A measure that critics said would allow creationism and intelligent design into public school classrooms won the approval Tuesday of a House committee, which a year ago voted down the proposal.
Rep. Sally Kern, R-Oklahoma City, the author of House Bill 1551, has said her measure would allow teachers the freedom to teach without fear of losing their jobs and to teach various scientific theories.
The House of Representatives Common Education Committee, which a year ago voted 9-7 to not pass the measure, flipped its vote Tuesday and voted 9-7 to pass it. It now goes to the full House.
Kern has said HB 1551 was not intended to bring religious beliefs, such as creationism, into the classroom. The bill states it was to protect the teaching of scientific information and shall not be construed to promote any religious or nonreligious doctrine.
Victor Hutchison, Oklahomans for Excellence in Science Education president and professor emeritus of the University of Oklahoma's zoology department, said the bill's language comes from the creationist Discovery Institute in Seattle.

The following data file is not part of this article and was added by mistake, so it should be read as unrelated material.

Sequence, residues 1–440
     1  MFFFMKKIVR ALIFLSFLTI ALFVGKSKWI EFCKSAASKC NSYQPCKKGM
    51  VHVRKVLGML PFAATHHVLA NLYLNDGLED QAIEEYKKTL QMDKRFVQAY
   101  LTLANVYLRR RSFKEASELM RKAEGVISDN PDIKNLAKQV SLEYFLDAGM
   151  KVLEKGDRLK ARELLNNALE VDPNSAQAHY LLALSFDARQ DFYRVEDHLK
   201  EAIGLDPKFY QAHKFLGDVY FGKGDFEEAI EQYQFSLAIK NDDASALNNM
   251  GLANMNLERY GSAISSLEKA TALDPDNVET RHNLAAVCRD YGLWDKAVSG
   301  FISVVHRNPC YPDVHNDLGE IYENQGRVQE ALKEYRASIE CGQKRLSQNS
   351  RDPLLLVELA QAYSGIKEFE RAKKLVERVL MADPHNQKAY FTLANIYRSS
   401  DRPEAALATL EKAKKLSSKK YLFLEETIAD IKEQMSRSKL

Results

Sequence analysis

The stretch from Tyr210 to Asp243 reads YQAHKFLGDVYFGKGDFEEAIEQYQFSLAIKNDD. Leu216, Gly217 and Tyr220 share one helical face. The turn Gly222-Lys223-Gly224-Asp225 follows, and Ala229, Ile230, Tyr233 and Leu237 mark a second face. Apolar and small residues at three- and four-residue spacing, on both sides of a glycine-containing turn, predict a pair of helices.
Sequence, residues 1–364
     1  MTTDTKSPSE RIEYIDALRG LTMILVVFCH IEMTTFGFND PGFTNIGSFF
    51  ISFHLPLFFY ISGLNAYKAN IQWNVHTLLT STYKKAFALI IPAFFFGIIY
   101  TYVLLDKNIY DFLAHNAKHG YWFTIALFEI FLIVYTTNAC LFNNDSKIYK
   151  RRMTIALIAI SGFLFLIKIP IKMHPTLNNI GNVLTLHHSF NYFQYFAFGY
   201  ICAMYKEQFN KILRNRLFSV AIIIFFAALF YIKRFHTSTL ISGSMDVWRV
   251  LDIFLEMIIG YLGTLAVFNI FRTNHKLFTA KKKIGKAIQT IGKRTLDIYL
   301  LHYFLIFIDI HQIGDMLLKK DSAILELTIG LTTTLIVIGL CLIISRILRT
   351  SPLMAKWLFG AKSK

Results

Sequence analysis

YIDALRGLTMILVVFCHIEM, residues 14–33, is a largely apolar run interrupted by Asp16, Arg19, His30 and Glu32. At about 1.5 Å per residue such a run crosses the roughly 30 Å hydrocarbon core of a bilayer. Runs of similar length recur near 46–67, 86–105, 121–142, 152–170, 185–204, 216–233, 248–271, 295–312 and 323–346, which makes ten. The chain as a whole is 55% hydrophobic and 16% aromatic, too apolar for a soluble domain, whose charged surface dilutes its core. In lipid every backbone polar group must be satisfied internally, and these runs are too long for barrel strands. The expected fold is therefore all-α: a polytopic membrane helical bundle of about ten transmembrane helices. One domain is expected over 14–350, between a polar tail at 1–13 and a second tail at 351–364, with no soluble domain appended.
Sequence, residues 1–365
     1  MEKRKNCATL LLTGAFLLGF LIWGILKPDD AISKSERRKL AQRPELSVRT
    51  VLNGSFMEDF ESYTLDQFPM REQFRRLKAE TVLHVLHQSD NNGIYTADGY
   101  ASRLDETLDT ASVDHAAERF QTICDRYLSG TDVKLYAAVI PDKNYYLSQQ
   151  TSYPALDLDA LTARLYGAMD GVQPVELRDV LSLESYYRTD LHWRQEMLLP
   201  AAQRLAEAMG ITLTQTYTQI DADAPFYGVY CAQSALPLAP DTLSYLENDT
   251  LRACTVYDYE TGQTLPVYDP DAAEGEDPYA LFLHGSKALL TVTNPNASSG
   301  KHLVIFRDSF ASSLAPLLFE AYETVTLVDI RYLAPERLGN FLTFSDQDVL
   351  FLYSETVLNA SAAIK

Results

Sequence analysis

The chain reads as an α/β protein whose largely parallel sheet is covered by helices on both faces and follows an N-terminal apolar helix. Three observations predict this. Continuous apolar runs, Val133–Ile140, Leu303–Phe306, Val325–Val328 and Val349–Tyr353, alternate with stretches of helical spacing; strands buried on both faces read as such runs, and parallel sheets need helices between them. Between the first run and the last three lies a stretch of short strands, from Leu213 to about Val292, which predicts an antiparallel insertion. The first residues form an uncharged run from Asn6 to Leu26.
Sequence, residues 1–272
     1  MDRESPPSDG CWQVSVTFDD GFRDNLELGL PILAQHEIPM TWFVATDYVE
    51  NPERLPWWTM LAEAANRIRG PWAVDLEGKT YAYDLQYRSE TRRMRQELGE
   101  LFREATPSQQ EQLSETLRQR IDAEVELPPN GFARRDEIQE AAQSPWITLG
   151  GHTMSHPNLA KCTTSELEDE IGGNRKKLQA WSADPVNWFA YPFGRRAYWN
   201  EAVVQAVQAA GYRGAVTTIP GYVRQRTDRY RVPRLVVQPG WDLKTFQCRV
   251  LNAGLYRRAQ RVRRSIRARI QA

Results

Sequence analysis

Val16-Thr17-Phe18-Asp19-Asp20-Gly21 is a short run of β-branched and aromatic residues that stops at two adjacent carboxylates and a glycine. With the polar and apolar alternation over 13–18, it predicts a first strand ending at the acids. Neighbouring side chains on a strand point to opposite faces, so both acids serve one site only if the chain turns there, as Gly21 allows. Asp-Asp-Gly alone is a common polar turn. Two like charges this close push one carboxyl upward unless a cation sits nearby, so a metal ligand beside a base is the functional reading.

“They claim not to be religious-based, but they use religious organizations to help push the bill,” he said.
Louisiana is the only state to have passed a version of the bill, Hutchison said. The Society for Integrative and Comparative Biology canceled its planned convention in New Orleans and 74 Nobel laureates have written letters calling for the law's repeal, he said.
HB 1551 states that public school teachers shall not be prohibited from helping students understand, critique and review the “scientific strengths and weaknesses of existing scientific theories.”
Hutchison said the National Academy of Sciences and American Association for the Advancement of Science haven't found any legitimate scientific weaknesses to evolution, providing an opening to introduce supplementary creationist intelligent design materials into class.